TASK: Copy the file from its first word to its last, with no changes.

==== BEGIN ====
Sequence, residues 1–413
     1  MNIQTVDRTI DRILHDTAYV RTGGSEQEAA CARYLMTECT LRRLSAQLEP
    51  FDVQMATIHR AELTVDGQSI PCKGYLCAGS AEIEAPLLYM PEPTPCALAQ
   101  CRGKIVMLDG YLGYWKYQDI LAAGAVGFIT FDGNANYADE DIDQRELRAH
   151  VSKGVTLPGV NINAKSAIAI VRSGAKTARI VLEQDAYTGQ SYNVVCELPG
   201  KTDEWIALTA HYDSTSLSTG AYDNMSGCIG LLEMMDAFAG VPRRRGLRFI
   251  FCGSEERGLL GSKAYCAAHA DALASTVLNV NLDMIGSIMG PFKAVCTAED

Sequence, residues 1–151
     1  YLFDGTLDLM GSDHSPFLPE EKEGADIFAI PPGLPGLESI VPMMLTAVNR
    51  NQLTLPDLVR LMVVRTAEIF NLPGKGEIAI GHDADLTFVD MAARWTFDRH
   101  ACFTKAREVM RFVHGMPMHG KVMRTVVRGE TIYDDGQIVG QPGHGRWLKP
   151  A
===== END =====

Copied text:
Sequence, residues 1–413
     1  MNIQTVDRTI DRILHDTAYV RTGGSEQEAA CARYLMTECT LRRLSAQLEP
    51  FDVQMATIHR AELTVDGQSI PCKGYLCAGS AEIEAPLLYM PEPTPCALAQ
   101  CRGKIVMLDG YLGYWKYQDI LAAGAVGFIT FDGNANYADE DIDQRELRAH
   151  VSKGVTLPGV NINAKSAIAI VRSGAKTARI VLEQDAYTGQ SYNVVCELPG
   201  KTDEWIALTA HYDSTSLSTG AYDNMSGCIG LLEMMDAFAG VPRRRGLRFI
   251  FCGSEERGLL GSKAYCAAHA DALASTVLNV NLDMIGSIMG PFKAVCTAED

Sequence, residues 1–151
     1  YLFDGTLDLM GSDHSPFLPE EKEGADIFAI PPGLPGLESI VPMMLTAVNR
    51  NQLTLPDLVR LMVVRTAEIF NLPGKGEIAI GHDADLTFVD MAARWTFDRH
   101  ACFTKAREVM RFVHGMPMHG KVMRTVVRGE TIYDDGQIVG QPGHGRWLKP
   151  A